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Measuring Multidimensional Poverty in a Complex Environment; Identifying the Sensitive Links
Procedia Engineering
  • L. E. Voth-Gaeddert
  • Daniel B. Oerther, Missouri University of Science and Technology

The central hypothesis of this study is that a holistic, systems-based approach employing multiple analytical tools is useful for identifying the most sensitive links within complex communities to down-scale global development priorities such as the United Nations Sustainable Development Goals. Results of latent factor regression, canonical correlation analysis, and structural equation modeling were compared for multiple, publically-available data sets for two rural regions in Brazil and Guatemala. The results of this study confirm previously reported findings, and collectively support the central hypothesis demonstrating a pathway for linking global priorities with the complex realities of 'on-the-ground' development conditions in specific communities.

Meeting Name
Humanitarian Technology: Science, Systems and Global Impact, HumTech 2015 (2015: May 12-14, Boston, MA)
Civil, Architectural and Environmental Engineering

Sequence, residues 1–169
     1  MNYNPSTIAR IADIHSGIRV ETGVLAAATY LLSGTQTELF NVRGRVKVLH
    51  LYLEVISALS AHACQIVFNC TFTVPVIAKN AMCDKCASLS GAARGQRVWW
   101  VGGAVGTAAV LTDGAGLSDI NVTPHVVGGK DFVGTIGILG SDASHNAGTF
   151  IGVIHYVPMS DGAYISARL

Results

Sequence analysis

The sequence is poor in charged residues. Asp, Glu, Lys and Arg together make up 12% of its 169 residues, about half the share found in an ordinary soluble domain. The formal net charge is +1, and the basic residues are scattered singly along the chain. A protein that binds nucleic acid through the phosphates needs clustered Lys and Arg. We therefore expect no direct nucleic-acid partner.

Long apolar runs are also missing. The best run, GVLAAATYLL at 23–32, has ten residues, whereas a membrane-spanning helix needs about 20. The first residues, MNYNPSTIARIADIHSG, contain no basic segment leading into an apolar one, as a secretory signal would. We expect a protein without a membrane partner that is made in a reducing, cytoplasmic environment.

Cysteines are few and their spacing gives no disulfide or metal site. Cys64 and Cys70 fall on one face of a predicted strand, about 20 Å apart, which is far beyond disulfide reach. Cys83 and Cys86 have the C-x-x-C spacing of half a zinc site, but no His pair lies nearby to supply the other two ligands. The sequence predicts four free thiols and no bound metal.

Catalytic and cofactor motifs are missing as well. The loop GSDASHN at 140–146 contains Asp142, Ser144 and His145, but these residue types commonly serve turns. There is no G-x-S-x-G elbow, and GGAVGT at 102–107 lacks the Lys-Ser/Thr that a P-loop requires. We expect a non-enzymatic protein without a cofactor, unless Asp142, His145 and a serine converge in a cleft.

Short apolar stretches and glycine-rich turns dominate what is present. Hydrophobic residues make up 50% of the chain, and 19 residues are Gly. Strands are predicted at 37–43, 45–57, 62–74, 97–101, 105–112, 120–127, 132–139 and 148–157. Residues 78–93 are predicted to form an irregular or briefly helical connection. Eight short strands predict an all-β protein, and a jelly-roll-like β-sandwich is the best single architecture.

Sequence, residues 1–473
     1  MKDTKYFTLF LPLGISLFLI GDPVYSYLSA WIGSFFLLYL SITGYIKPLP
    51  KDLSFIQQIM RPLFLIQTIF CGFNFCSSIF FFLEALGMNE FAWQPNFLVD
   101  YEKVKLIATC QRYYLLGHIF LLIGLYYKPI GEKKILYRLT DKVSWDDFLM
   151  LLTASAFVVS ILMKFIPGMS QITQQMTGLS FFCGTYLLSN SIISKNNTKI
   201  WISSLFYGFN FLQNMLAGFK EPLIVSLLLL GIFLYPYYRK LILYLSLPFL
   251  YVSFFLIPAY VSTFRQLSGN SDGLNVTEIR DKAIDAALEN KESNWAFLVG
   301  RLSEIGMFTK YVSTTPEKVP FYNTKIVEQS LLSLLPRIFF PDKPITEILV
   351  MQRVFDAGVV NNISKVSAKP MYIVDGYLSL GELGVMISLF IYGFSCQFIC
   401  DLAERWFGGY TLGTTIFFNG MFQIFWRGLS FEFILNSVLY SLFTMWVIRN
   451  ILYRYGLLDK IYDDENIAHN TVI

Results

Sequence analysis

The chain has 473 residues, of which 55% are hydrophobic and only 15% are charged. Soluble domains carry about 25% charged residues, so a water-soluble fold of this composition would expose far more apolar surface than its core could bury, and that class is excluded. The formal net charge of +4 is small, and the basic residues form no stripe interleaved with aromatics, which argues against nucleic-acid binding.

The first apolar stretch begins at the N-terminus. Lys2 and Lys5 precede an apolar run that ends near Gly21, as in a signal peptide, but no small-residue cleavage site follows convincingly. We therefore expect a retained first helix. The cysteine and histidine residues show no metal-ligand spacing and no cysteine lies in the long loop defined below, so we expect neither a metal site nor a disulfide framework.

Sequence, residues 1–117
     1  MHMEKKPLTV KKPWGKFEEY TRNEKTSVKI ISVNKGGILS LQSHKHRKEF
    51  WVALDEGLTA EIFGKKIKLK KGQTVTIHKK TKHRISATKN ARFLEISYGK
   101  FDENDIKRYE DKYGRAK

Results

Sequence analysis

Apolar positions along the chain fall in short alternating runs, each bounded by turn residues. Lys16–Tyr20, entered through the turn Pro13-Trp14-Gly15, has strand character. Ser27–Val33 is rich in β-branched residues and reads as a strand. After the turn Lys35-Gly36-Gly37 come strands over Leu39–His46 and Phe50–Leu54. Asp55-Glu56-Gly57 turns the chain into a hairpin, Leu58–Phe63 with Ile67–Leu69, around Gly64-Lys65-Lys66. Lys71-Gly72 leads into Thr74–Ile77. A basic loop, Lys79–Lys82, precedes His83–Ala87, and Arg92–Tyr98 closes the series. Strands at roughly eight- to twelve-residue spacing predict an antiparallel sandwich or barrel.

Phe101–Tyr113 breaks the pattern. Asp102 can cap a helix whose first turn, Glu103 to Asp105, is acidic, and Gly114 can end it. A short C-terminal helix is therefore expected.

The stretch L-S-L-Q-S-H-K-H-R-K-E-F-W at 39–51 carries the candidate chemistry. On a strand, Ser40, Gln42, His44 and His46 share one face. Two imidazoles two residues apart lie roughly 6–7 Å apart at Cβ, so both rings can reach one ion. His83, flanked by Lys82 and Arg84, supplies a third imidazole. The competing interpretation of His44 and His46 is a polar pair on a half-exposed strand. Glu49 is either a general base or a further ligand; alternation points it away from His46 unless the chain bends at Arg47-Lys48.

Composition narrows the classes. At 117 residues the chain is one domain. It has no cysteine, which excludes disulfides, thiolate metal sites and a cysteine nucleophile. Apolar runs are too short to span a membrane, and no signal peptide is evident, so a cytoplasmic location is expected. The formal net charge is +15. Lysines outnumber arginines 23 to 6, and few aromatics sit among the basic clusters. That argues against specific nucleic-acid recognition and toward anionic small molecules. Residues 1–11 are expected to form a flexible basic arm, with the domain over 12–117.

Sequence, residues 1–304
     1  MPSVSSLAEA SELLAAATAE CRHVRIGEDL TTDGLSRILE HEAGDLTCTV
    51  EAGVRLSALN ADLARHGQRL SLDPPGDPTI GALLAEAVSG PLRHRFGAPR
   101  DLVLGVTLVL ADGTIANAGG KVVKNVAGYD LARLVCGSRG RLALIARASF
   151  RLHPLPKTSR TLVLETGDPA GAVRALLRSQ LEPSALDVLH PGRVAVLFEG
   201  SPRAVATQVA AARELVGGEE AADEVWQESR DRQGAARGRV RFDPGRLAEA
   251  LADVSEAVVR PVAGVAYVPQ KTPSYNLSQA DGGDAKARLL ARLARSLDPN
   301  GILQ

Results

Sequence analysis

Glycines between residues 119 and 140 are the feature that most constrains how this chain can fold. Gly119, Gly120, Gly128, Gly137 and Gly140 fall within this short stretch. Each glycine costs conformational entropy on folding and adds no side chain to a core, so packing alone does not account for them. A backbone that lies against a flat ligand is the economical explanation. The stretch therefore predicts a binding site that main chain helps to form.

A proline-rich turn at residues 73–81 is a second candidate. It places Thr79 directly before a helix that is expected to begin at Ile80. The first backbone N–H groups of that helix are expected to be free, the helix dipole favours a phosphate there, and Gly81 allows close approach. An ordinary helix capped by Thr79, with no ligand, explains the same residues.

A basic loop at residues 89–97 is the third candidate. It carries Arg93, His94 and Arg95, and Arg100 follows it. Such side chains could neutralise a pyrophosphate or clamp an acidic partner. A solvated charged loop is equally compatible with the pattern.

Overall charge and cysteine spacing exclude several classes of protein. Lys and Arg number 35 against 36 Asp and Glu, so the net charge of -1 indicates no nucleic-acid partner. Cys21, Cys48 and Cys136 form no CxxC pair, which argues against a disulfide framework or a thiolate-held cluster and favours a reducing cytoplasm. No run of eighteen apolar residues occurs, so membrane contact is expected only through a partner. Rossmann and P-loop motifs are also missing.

Keywords and Phrases
  • Correlation methods,
  • Factor analysis,
  • Large scale systems,
  • Analytical tool,
  • Canonical correlation analysis,
  • Complex environments,
  • Complex reality,
  • Global development,
  • Latent factor,
  • multidimensional poverty,
  • Structural equation modeling,
  • Sustainable development,
  • complex systems,
  • latent factor regression
Document Type
Article - Conference proceedings
Document Version
Final Version
File Type
© 2015 Elsevier Ltd, All rights reserved.
Publication Date
Citation Information
L. E. Voth-Gaeddert and Daniel B. Oerther. "Measuring Multidimensional Poverty in a Complex Environment; Identifying the Sensitive Links" Procedia Engineering Vol. 107 (2015) p. 172 - 180 ISSN: 1877-7058
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